Though our various responses to death may lead to different ways we choose to live, there is one response to death we all share: we all, at one point or another, fear death to some degree. The Greek philosopher Epicurus attempted to dismiss death: “Death does not concern us, because as long as we exist, death is not here. And once it does come, we no longer exist.” While some attempt — and may well accomplish — to put on a brave face, all of us share a fear of death, even those who do not believe in God. Greg Epstein, a humanist, wrote, “For a Humanist, the mourning process begins with accepting that death is real and final and that, with apologies to Epicurus, we fear it. Our fear of death is not only normal, and not to be dismissed, it is part of the motivation we feel to live a good life now, while we still have time.” The bottom line is our will to live is strong and our fear of death is very real.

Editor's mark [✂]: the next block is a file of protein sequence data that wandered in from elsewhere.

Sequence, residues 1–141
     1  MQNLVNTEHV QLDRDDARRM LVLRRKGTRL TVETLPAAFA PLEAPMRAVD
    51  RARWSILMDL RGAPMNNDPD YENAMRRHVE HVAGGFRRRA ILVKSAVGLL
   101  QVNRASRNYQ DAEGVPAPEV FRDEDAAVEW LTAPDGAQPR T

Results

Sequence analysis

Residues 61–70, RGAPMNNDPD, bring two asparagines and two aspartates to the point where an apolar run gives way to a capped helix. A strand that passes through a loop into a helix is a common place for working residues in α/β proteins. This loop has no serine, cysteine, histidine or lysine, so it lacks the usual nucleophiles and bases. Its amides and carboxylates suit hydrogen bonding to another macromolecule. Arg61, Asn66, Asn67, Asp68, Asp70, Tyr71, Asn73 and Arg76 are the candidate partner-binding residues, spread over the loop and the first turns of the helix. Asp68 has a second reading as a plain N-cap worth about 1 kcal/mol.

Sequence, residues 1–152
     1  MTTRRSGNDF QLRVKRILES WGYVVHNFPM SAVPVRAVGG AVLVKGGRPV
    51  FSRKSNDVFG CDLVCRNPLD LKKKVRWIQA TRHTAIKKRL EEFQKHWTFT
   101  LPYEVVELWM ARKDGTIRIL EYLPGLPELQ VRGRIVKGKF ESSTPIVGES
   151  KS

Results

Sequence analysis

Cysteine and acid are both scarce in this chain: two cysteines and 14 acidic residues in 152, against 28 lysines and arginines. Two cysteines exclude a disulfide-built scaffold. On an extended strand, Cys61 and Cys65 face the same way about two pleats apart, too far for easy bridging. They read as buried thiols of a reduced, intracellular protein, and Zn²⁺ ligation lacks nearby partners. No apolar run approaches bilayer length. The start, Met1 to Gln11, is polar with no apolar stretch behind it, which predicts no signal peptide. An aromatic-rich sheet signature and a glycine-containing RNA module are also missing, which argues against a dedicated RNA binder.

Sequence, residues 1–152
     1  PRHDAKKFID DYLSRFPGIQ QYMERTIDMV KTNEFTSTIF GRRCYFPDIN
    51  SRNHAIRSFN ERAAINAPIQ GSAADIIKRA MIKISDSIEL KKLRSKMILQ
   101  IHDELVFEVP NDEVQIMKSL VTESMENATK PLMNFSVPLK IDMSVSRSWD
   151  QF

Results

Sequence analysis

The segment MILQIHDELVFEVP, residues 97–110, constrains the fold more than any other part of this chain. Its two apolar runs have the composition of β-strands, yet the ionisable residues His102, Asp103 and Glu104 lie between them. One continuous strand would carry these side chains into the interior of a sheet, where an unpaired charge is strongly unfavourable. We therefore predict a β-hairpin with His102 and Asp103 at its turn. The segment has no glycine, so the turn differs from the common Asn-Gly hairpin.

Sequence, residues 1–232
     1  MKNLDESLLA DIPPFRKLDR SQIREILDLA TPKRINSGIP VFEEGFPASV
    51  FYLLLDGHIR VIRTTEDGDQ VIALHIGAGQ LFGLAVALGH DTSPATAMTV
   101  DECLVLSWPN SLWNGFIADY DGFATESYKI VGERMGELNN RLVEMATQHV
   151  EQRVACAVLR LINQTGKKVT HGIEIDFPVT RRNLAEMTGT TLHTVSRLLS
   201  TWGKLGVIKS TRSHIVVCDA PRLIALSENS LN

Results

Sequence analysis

Tag: the problem of pain
Defenders of the Christian faith settled on a definition of evil many centuries ago. Evil is a lack, a privation, or a corruption of what is good. It is not the absence of good because evil does not exist in and of itself.